More and more research is showing the potential power of intermittent fasting in preventing dementia and Alzheimer’s disease.
By Dawn Flemming
Dementia and Alzheimer’s is a growing problem across the world and the United States. The primary reason why people are afflicted with the disease is aging. However, we have written many times before that diet also plays a big factor in the progression and onset of the disease.
Processed foods, sugar and other foods have been linked to Alzheimer’s.
Recent research is showing that intermittent fasting may help protect against dementia and Alzheimer’s to some degree.
The Alzheimer’s Drug Discovery Foundation writes the following about the potential benefits of intermittent fasting:
Intermittent fasting, as the name implies, involves reduced calorie intake or full fasting for 16–24 hours, followed by regular eating. Preclinical studies in rodents suggest that long-term intermittent fasting might promote longevity, reduce cognitive deficits, improve cognition, and increase the generation of new brain cells.
A 2018 study concluded that intermittent fasting can help with the deterioration of cognitive function and Alzheimer’s:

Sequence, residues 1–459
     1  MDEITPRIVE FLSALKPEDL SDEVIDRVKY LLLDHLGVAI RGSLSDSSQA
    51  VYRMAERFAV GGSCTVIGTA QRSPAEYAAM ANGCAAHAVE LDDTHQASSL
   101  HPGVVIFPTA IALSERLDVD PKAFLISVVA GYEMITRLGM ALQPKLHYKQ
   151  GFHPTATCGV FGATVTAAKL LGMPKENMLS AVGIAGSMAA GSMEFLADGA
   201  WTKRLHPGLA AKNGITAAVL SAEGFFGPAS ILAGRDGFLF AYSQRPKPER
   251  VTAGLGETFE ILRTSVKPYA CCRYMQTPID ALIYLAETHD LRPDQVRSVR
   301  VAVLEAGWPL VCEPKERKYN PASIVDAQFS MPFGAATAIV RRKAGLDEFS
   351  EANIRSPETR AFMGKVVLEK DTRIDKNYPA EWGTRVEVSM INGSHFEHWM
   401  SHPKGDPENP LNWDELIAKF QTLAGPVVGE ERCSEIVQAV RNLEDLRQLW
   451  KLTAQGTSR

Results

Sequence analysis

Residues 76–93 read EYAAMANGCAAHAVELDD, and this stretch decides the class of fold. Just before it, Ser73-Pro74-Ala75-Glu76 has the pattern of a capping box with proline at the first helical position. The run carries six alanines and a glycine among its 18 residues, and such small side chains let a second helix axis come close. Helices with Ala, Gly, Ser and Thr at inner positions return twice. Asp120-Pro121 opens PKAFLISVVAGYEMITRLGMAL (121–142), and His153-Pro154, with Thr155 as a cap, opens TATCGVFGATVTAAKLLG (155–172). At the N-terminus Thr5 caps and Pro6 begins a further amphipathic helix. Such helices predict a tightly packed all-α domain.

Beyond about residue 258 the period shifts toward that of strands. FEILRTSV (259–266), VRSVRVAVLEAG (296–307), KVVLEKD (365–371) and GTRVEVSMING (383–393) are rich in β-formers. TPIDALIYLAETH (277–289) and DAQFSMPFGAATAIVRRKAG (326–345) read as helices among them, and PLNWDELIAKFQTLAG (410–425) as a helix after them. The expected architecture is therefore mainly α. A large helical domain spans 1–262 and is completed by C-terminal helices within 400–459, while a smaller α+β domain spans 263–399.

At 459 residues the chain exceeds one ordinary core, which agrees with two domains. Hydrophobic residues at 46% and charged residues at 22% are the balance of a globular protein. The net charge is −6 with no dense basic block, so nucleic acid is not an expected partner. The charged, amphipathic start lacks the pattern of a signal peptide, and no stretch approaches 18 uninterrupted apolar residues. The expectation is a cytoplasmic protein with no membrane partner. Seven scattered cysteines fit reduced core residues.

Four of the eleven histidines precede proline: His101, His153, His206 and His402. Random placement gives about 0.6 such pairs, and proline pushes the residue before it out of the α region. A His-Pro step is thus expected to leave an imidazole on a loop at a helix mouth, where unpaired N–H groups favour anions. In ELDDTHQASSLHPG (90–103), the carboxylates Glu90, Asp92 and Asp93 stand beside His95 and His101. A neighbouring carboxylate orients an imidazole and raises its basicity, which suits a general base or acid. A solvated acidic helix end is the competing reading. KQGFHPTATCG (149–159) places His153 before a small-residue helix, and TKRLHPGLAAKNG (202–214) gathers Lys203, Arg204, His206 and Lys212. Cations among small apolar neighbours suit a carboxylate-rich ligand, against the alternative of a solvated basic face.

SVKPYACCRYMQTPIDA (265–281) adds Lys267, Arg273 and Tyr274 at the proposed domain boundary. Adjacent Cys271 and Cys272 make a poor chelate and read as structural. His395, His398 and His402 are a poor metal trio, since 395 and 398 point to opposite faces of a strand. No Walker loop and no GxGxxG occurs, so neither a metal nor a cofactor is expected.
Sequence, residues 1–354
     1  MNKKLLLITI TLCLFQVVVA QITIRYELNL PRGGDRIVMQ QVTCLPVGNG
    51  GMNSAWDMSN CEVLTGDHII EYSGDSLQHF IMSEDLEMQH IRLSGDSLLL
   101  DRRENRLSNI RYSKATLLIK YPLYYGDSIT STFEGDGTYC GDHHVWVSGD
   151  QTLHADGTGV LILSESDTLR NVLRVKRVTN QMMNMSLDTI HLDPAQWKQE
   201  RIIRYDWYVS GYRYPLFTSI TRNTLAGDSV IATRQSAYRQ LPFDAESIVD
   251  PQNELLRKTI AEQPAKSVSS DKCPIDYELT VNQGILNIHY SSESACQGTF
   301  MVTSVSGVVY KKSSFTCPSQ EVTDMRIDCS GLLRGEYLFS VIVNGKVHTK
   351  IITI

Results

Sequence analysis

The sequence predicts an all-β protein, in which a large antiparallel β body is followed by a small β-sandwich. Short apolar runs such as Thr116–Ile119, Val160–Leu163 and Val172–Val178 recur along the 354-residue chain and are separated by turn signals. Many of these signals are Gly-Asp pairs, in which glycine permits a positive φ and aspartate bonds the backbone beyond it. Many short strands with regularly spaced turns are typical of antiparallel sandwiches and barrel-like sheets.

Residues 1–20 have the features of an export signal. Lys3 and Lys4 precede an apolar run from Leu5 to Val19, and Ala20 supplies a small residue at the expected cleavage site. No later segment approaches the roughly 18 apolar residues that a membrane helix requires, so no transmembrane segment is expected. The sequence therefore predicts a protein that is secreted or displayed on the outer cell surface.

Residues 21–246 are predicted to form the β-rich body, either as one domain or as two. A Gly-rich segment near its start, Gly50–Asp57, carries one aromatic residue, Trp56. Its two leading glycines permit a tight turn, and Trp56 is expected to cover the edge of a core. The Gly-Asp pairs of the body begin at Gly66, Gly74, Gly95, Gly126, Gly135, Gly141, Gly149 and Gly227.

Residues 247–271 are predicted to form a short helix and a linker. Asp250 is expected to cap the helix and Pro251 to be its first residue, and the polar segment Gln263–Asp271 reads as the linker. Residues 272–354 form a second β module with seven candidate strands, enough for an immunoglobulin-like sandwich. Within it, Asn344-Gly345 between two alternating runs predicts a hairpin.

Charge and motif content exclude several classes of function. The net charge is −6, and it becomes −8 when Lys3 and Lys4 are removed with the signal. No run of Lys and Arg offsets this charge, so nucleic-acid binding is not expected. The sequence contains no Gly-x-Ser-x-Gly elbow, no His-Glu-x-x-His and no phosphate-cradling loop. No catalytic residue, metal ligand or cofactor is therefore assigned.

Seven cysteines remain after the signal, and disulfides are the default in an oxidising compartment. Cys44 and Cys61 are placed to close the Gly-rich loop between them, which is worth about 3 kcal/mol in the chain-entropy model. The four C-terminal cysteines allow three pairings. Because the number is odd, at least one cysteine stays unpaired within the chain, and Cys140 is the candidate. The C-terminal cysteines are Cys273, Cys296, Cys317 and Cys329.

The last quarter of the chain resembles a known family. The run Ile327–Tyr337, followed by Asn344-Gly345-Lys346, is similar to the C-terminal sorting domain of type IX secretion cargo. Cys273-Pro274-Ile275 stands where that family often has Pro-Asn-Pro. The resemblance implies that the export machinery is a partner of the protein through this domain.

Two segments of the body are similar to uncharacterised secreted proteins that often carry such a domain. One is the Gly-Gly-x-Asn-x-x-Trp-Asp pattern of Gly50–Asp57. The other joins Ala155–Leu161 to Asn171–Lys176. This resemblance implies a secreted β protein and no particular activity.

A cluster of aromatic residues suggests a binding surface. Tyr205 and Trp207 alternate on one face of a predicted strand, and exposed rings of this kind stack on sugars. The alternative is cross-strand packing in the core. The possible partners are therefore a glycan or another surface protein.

Impact statement Intermittent fasting was evaluated for its effects on cognitive function and metabolic disturbances in a rat model of menopause and Alzheimer's disease. Intermittent fasting decreased skin temperature and fat mass, and improved glucose tolerance with decreasing food intake. Intermittent fasting also prevented memory loss: short-term and special memory loss. Therefore, intermittent fasting may prevent some of the metabolic pathologies associated with menopause and protect against age-related memory decline.
Other studies prior to this have also supported the claims above.
Why intermittent fasting? According to Mark Mattson, a professor of neuroscience in the John Hopkins School of Medicine, says the fasting:
“is a challenge to your brain, and we think that your brain reacts by activating adaptive stress responses that help it cope with disease,” says Mattson. “From an evolutionary perspective, it makes sense your brain should be functioning well when you haven’t been able to obtain food for a while.”
If the body sees itself in danger of starving, it will therefore generate new activity that may protect against dementia and Alzheimer’s.
There are different methods of intermittent fasting. You can click here to learn more.
If you are at risk for dementia and Alzheimer’s, you can speak to your doctor and see if intermittent fasting is safe for you.
Dawn Flemming is Director of Business Services at Geriatric In-Home Care in Fresno, California.